Pondered the subjects of four tragedies to be written (life and circumstances permitting) to wit, Sardanapalus, already begun, Cain, a metaphysical subject, …
What is Poetry?—The feeling of a Former world and Future.
Why, at the very height of desire and human pleasure,—worldly, social, amorous, ambitious, or even avaricious,—does there mingle a certain sense of doubt and sorrow—a fear of what is to come—a doubt of what is—a retrospect to the past, leading to a prognostication of the future? (The best of Prophets of the future is the Past.) Why is this? Or these?—I know not, except that on a pinnacle we are most susceptible of giddiness, and that we never fear falling except from a precipice—the higher, the more awful, and the more sublime; and, therefore, I am not sure that Fear is not a pleasurable sensation; at least, Hope is; and what Hope is there without a deep leaven of Fear? and what sensation is so delightful as Hope? and, if it were not for Hope, where would the Future be?—in hell. … It is all a mystery. …
Thought for a speech of Lucifer, in the Tragedy of Cain:—
(28 January 1821, BLJ 8:36–38)
A logic of apposition orders this entry, which opens with a strikingly embedded eyewitness detail of the preparations for revolution, then moves to questions about poetry and emotions, before ending with the “Thought for a speech of Lucifer, in the Tragedy of Cain.” Despite the seemingly random form of the journal, these very questions about poetry and emotions are significant enough for Byron to be later developed in Cain in the speeches of Lucifer and Cain.
Byron’s “feeling of a Former world and Future” is a feeling of emotional preposterousness that registers temporal displacement and inhabits the vertiginous mixed temporality of the former as future, or pre-post. This is the preposterous feeling of time being out of joint, the feeling that becomes in Cain a sustained attempt to inhabit and elaborate the pre-posterous emotions of Cain’s state of guilt before the deed. These emotions of dislocation inform the sublime cosmic landscape of Cain’s “Abyss of Space” (the setting of act 2, scene 1), the dialogue between Lucifer and Cain, and the profound metaphysical questioning that powers the drama.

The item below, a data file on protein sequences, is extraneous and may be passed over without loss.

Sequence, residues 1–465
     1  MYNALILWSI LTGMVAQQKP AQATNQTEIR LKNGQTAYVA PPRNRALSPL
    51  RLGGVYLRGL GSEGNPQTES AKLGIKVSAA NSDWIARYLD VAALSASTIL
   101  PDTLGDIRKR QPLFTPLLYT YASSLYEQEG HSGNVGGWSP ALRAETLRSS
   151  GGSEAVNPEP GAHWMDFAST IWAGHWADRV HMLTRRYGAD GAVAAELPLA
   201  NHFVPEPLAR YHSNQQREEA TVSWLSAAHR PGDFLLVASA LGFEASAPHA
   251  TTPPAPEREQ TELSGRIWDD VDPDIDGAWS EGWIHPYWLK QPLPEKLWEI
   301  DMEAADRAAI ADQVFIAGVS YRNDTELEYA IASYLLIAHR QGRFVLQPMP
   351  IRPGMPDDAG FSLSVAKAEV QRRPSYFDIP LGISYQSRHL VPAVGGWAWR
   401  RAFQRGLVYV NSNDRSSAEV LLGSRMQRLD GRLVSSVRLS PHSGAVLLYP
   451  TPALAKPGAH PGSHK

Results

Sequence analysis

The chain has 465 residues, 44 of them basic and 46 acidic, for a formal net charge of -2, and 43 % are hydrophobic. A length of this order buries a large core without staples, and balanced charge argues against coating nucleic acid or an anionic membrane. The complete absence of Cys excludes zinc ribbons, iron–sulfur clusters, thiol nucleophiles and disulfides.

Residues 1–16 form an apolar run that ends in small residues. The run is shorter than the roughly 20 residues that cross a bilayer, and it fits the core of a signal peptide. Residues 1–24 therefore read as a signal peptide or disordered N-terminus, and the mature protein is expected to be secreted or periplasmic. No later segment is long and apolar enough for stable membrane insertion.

Channeling the scientific freethinking and geological catastrophism of Georges Cuvier, associated in Britain with infidel thought, Cain, A Mystery features Lucifer taking Cain (the soon-to-be first-murderer) on a guided tour of Hades, teaching him about the world’s violent creation and viewing the sublime nothingness of all the former worlds that psychedelically if nihilistically swirl by, mutely—eloquently—challenging the orthodox Christian story of Creation. In its discussion of the relationship between science and religion, mediated by the new science of geology—both the most fashionable and the most controversial form of science in the Regency—Cain, A Mystery anticipated the heated debates that marked the Victorian period in the wake of Charles Darwin’s Origin of Species (1859).